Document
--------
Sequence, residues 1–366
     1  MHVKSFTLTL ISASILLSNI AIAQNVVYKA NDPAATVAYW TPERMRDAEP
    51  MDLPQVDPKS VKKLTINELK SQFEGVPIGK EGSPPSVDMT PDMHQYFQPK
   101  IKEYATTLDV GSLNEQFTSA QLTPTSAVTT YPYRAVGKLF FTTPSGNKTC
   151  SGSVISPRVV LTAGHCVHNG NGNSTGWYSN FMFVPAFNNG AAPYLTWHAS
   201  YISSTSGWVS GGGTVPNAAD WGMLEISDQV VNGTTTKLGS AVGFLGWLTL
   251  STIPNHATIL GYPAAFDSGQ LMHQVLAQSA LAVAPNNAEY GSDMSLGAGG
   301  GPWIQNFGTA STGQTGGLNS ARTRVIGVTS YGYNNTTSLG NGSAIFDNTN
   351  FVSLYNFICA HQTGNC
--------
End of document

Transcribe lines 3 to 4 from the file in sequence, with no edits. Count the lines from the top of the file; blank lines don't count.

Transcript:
    51  MDLPQVDPKS VKKLTINELK SQFEGVPIGK EGSPPSVDMT PDMHQYFQPK
   101  IKEYATTLDV GSLNEQFTSA QLTPTSAVTT YPYRAVGKLF FTTPSGNKTC